Oh Lordy, what will the Tea Party Trump supporters DO without Fox telling them what to think? And will the new regime stop requiring the women employees to wear high heels, short skirts and flash their crossed legs up past their thighs in order to keep the aging white men viewers leeringly happy? What will happen to Bill O'Reilly, Sean Hannity and their ilk? In the news today, I heard that 25 women have come forward re. being sexually harassed and abused by Roger Ailes, who set the tone for other men at Fox to do the same thing. Evidently, sexual harassment of women was standard procedure at Fox, the "Fair and Balanced" self-proclaimed family values network. And the women took it, trying to finesse their way around it all, or they would lose their jobs. Shades of the "good old days" in the 1950s!!!
In the right wing, heads are rolling and the GOP is falling apart, as karma finally demands its due.
Media watchers say end is near for right-wing Fox News networkDavid Ferguson
The Fox News Channel's days as a reliably right-leaning news source may be numbered, according to media watchers.
Monday's Morning Media report from Politico claims that in the wake of Roger Ailes' departure from the network in disgrace, there are questions about whether Fox News will continue to offer the same type of right-slanted programming that has made its fortune over the course of two decades.
Rupert Murdoch has stepped in as interim CEO and director of Fox News, but has made it known that he will be handing the operation over to his sons. Rumors have flown for years that the Murdoch sons — who are more liberal than their 85-year-old media magnate father — are embarrassed by the right-wing antics regularly featured on the network.
While some in the industry argue that Murdoch would never give up the lucrative cash cow that Fox News has become, others say that the network is losing its cachet with viewers. Fox's audience is aging and dying off, they argue, and many once-loyal viewers have abandoned the network in favor of alt-right media sources like Breitbart.com.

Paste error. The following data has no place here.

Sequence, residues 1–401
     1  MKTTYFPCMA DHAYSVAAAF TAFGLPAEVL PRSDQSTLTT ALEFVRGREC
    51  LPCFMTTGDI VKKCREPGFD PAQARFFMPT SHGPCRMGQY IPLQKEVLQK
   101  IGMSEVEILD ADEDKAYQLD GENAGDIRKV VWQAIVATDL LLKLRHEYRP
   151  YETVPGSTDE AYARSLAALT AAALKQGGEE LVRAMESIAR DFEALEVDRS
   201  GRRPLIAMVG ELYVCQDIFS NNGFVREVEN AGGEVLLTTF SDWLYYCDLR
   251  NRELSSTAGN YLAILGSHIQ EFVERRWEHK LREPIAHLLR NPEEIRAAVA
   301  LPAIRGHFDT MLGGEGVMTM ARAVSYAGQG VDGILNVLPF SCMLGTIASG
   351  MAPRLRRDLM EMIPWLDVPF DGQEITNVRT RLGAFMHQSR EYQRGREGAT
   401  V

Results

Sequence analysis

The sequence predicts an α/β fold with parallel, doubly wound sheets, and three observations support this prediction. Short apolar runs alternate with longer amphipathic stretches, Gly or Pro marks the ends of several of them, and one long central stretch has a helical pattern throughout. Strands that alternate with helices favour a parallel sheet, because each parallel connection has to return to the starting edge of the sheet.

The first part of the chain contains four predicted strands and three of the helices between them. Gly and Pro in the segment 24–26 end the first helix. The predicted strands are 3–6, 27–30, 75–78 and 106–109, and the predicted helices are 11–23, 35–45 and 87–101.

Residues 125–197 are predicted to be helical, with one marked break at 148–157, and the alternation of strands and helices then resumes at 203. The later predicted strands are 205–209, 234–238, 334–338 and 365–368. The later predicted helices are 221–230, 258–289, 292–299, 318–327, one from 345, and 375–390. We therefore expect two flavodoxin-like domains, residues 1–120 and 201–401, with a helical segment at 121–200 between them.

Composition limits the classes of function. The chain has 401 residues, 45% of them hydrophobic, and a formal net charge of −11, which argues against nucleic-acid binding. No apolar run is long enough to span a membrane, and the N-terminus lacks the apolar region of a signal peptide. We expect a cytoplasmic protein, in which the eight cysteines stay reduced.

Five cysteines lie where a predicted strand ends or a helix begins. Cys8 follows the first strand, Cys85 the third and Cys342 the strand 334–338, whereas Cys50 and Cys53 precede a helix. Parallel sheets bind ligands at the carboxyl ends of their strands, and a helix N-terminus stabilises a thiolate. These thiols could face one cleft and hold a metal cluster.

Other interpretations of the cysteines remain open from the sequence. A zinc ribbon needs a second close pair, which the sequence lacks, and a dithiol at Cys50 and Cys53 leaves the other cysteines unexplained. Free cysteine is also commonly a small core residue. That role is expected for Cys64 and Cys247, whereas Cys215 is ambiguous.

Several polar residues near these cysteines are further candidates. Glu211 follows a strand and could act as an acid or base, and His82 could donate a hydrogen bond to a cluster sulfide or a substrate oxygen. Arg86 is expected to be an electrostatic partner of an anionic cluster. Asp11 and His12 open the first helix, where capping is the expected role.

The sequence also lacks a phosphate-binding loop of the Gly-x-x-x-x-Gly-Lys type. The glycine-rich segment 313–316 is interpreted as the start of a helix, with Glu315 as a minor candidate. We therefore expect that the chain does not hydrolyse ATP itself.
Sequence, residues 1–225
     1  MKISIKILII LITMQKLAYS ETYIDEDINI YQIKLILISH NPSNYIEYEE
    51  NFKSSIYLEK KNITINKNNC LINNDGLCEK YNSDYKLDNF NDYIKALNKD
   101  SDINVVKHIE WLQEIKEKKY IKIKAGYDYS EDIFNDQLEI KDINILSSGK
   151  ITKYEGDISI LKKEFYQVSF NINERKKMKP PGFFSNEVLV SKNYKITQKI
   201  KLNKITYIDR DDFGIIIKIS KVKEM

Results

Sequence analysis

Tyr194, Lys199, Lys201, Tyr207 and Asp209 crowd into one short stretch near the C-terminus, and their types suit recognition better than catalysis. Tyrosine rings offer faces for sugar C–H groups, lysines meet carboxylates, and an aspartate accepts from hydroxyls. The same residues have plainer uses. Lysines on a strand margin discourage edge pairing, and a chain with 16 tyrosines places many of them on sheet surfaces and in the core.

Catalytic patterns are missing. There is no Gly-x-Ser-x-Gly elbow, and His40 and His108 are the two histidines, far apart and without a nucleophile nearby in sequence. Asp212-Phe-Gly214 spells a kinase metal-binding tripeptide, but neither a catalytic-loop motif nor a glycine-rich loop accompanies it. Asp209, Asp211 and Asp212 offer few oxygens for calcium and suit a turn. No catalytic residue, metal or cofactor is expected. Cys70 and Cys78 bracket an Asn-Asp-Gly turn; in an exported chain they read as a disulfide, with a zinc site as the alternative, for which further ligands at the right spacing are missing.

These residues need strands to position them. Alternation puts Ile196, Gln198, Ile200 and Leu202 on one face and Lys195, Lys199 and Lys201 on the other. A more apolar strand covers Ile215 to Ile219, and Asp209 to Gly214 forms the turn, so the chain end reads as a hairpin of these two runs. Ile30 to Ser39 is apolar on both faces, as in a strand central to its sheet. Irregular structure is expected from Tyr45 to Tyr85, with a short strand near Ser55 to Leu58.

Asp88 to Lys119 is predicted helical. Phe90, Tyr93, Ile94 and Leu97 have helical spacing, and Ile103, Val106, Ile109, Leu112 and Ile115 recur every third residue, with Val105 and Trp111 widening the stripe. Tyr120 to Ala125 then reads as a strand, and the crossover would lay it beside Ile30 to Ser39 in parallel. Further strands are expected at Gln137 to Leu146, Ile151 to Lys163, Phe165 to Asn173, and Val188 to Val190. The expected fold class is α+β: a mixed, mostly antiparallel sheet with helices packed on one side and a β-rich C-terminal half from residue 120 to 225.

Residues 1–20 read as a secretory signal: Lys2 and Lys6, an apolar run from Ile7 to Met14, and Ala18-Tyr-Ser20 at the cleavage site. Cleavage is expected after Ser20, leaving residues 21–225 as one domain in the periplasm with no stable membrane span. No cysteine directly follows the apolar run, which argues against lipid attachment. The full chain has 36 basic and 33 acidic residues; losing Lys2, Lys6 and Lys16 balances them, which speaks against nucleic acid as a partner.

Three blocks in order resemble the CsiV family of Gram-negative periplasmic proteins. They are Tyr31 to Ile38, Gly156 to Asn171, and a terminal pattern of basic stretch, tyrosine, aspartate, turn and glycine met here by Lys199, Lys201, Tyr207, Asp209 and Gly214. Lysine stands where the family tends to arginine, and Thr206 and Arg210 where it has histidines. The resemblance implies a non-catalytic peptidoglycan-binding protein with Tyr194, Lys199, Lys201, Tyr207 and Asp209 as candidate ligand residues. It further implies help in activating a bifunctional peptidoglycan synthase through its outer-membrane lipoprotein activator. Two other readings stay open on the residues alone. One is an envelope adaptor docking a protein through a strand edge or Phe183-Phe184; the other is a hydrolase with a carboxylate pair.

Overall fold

"Ailes' number may well have been up soon enough anyway; the real question the new allegations continue to raise is what, if anything, Ailes can manage for a next act," Politico said.
The former Nixon aide was forced to step down due to findings by an internal investigation conducted by the law firm Paul, Weiss into a reportedly widespread and deeply entrenched culture of sexism, harassment and bullying at the company. Female employees were regularly told that to move up the company ladder they must perform sexual favors for higher-ups.
In early July, former Fox anchor Gretchen Carlson launched a sexual harassment lawsuit against Ailes, alleging that he repeatedly pressured her to enter into a sexual relationship in order to advance her career. That suit was aimed directly at Ailes and not at Fox News management in general.
However, on Friday, New York magazine editor Gabriel Sherman published an explosive profile of former Fox News employee Laurie Luhn who said that Ailes sexually harassed, abused, bullied and coerced her to the point that she has had multiple breakdowns.
Implicated in the abuse and cover-up are Fox News executives Bill Shine, Dianne Brandi and others who enabled Ailes and silenced women like Luhn with multi-million dollar severance packages that contain "iron-clad nondisclosure provisions."
Luhn's story mirrors that of former Fox News reporter Rudi Bakhtiar, who was demoted and marginalized within the network after she turned down the sexual advances of Washington, DC bureau chief Brian Wilson. When she threatened to go public with the accusations, Fox News settled with her out of court and again demanded silence.
Media Matters — an organization that has done some of the most detailed scrutiny of Fox News and its culture — said that Fox urgently needs to "clean house" if it wants to survive.
"(I)f James and Lachlan make no concerted effort to fix the widespread problems facing the women working at Fox News, that means James and Lachlan will soon own that problem and that stigma," wrote Eric Boehlert. "I don't expect Fox News to become a beacon of journalism anytime soon. But it's hard to justify allowing Fox News to continue to reward an outdated, hands-on, Mad Men culture."